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Dunned by his creditors, on probation for cutting classes, living beyond his mother's means (his father had died in 1920), Cozzens got a leave of absence at the end of his sophomore year, and never went back to Harvard's vine leaves. The school rewarded its prodigal son with an honorary Litt. D. degree in 1952 (Cozzens says he accepted it only to please his mother, who died a few months later). Nowadays, on rare trips to New York, he likes to lunch at the Harvard Club, "where everybody acts morose and nobody looks at anybody."
Bernice the Breadwinner. After Harvard, Cozzens hibernated in Canada for a while on a publisher's handout of $15 a week, finished a mawkish Elizabethan historical romance (Michael Scarlett), taught some American sugar planters' children English and math in Cuba, junketed around Europe as tutor to a 14-year-old polio victim. Later, he drew on his Cuban impressions to write two more apprentice novels, Cockpit and The Son of Perdition, unlikely tales of tropic adventure. In Ask Me Tomorrow, Cozzens used his European experiences for a crisply satiric self-portrait, complete with a characteristic blast at the American expatriates.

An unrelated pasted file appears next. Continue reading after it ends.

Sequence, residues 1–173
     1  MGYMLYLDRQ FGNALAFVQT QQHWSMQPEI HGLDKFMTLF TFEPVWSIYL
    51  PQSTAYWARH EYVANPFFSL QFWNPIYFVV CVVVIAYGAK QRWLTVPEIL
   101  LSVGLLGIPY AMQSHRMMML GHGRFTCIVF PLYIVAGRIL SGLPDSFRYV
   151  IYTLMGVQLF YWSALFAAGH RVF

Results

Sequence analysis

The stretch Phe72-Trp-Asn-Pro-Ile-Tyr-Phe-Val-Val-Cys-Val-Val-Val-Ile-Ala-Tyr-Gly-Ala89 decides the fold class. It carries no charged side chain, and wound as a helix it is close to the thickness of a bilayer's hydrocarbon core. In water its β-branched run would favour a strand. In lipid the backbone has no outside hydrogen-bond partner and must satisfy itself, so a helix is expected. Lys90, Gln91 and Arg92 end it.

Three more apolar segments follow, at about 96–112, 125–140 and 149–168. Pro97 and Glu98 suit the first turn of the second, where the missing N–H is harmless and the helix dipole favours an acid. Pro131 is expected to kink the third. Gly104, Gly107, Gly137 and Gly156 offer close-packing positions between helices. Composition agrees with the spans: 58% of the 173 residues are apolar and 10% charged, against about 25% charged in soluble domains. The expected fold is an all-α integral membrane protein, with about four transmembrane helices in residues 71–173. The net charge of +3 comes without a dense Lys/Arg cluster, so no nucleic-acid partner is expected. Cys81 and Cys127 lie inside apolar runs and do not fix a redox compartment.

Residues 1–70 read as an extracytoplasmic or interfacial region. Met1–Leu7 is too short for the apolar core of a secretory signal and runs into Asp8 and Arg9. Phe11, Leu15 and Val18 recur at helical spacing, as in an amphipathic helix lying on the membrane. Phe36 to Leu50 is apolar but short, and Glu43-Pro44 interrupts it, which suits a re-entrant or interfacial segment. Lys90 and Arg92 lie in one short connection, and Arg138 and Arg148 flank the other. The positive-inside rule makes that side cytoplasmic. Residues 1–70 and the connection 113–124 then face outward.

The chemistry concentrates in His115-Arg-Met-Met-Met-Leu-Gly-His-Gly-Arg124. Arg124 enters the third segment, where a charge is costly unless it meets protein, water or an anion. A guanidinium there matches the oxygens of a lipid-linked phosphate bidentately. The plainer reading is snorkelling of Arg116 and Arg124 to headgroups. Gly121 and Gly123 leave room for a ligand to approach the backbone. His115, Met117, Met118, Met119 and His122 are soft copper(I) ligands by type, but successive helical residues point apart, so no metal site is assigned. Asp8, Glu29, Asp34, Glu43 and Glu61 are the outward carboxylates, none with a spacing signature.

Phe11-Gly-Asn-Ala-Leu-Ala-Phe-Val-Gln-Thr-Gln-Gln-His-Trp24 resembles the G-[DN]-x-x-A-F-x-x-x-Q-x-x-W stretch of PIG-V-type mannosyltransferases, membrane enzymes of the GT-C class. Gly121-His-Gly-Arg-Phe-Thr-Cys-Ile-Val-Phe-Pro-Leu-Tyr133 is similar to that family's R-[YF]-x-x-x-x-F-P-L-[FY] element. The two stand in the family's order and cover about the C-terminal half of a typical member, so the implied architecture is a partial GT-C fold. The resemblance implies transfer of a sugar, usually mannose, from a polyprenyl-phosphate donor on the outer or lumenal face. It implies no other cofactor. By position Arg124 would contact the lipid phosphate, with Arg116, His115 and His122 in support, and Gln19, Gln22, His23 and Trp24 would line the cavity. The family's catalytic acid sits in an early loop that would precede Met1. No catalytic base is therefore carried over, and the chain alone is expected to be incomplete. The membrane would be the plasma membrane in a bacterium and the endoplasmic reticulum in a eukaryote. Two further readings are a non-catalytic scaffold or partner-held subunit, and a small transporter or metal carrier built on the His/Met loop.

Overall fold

Emotionally, Cozzens drifted until he was himself possessed by love. He first met Sylvia Bernice Baumgarten in mid-1926 on business, when she was a fledgling literary agent for Brandt & Kirkpatrick (now Brandt & Brandt). Of his feelings at the time, he says laconically: "I suppose sex entered into it. After all, what's a woman for?" But in dedicating Son of Perdition, Cozzens was more gallant. The flyleaf is inscribed to her with these lines from Shakespeare's Troilus and Cressida: "Outliving her beauty's outward, with a mind/ That doth renew swifter than blood decays." Cozzens recalls: "Mother almost died when I married a Jew, but later when she saw I was being decently cared for, she realized that it was the best thing that could have happened to me."
Bernice Cozzens is a slight, trim woman with azure blue eyes, brown hair drawn taut in a bun, and a little-girl air of gravity. A passionately liberal Democrat, she is known as one of the shrewdest, scrappiest literary agents (annual income: about $30,000) in Manhattan, handling a stable of topflight authors, including rock-solid Republican James Gould Cozzens. Their childless marriage has been a remarkable success. While he stuck to his writing and made little money from it, she was the real breadwinner. Says Cozzens: "It could have been a humiliating situation, but I guess I had a certain native conceit and felt that her time was well spent."